Jonathan Baxter and Sarah Gittins recently became a family, adding Benjamin Baxter-Gittins to their collaborative practice. Ben is Scots for mountain peak. So when thinking about their responsibilities to Ben and how they might approach this residency, they asked themselves the question: what does it mean to think like a mountain? This question, derived from Aldo Leopold's book, A Sand County Almanac (1949), asks us to think from the perspective of an ecosystem, not just as individuals. It's with this ecocentic perspective in mind that Jonathan, Sarah and Ben will consider how an existing orchard1 can be rethought in response to our current ecological and climate emergency.
Adding another layer to their residency, the trio will also consider the relevance of Patrick Geddes (1854-1932) - ecologist, educator and visual thinker - to Huntly. How do the visual tools Geddes used to aid his thinking relate to the many interests and needs of all age groups, cultures, demographics, and species in Huntly? For example, Geddes's 'nine-squared thinking machine', otherwise known as 'The Notation of Life' (pictured here) or Geddes' Outlook Tower, a real building in Edinburgh (the Camera Obscura) and a tool for reimagining our relationship with the past, present and future through the evolution of cities.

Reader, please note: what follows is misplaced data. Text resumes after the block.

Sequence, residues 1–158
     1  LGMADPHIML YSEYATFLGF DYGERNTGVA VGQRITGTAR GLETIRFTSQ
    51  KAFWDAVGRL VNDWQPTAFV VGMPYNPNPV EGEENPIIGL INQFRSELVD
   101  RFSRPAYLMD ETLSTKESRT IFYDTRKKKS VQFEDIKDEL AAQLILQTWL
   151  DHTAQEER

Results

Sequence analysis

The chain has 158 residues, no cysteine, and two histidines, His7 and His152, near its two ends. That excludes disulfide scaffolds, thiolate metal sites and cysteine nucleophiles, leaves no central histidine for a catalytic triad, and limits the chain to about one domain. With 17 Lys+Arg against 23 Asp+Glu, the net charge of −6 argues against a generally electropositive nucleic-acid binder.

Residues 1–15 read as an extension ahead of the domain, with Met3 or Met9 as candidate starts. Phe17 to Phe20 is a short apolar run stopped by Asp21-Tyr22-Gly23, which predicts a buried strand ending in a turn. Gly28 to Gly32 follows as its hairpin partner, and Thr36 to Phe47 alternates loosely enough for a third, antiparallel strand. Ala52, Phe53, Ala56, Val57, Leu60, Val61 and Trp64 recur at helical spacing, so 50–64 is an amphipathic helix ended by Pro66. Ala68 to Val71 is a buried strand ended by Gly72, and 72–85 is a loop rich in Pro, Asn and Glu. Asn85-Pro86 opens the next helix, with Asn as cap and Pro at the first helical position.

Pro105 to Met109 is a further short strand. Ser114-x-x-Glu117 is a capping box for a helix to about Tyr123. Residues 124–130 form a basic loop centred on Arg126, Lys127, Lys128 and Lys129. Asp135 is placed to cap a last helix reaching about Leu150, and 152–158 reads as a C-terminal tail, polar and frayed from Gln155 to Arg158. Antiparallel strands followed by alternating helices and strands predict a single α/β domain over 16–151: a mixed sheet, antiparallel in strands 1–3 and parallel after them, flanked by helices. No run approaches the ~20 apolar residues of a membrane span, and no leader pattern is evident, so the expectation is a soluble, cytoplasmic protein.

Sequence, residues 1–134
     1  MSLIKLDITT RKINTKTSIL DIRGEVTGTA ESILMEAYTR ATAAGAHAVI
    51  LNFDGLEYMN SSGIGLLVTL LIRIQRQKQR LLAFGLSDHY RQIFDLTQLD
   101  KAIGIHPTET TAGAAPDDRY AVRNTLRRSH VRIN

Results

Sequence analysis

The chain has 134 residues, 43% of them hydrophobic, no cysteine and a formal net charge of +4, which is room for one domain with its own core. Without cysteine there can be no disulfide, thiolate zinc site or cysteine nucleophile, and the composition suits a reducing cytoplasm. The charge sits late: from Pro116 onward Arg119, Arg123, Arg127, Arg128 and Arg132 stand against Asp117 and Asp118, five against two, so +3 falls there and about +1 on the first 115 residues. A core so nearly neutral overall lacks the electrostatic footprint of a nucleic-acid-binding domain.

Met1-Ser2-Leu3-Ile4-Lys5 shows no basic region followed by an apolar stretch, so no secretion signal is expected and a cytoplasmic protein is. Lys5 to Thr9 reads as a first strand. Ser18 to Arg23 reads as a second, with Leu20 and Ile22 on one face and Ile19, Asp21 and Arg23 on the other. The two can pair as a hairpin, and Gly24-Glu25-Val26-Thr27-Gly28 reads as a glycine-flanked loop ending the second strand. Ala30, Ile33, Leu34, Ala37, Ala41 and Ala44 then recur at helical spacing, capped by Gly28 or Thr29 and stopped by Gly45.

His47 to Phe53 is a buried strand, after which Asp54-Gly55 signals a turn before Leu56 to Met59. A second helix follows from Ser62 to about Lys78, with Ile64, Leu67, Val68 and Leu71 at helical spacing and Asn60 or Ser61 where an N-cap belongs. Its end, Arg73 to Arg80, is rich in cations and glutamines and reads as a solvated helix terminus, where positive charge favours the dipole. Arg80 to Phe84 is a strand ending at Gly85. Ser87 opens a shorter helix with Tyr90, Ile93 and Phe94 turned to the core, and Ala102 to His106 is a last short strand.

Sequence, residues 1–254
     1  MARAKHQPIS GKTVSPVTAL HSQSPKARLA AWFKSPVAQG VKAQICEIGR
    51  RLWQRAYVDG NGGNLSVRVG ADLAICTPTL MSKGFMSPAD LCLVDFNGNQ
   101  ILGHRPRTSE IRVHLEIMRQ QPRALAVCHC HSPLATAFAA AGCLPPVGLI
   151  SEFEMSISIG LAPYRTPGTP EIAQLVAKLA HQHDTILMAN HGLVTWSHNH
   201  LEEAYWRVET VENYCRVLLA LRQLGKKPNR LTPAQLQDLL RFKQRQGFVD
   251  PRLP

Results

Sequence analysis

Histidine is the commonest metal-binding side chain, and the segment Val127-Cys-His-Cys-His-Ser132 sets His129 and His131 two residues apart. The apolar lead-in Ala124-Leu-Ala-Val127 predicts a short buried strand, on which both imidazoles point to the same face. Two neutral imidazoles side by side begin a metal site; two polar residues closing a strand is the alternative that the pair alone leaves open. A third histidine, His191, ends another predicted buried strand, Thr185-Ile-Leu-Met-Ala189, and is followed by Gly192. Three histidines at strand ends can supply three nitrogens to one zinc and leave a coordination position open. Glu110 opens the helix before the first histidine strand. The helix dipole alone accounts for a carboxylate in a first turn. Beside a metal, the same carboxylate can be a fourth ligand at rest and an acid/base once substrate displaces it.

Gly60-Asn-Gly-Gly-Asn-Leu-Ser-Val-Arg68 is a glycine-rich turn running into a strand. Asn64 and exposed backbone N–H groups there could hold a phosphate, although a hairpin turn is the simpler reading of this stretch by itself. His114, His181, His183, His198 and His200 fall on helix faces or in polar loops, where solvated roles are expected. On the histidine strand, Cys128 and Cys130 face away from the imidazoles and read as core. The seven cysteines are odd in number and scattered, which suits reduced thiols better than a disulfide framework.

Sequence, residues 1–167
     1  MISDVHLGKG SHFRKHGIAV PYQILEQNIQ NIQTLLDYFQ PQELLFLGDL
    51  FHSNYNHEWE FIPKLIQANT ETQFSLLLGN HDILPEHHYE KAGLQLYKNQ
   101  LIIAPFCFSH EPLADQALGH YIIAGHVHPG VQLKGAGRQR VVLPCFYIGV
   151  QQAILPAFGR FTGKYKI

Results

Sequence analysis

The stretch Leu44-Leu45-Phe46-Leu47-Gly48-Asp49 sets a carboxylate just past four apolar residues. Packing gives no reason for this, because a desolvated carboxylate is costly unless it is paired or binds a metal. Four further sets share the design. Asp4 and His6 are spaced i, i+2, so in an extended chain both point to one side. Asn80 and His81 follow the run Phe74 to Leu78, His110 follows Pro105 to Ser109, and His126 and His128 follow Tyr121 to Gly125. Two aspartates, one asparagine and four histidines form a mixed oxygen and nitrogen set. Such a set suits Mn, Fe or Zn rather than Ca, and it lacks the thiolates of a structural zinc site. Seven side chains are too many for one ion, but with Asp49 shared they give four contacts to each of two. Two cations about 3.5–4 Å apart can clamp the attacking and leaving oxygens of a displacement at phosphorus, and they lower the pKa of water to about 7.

Hence the project title, Future Fruit - rethinking Huntly from a Geddesian perspective. A synthesis in thought that tends towards collective action.2
Following a site visit in February, the artists will return in August to engage with local residents, spend time in the orchard, and develop a series of public engagement tools that respond to their brief. The artists are particularly keen to meet with anyone who has an interest in orchards, has a fruit tree growing in their own back garden, or wants to take action in response to the current climate and ecological emergency.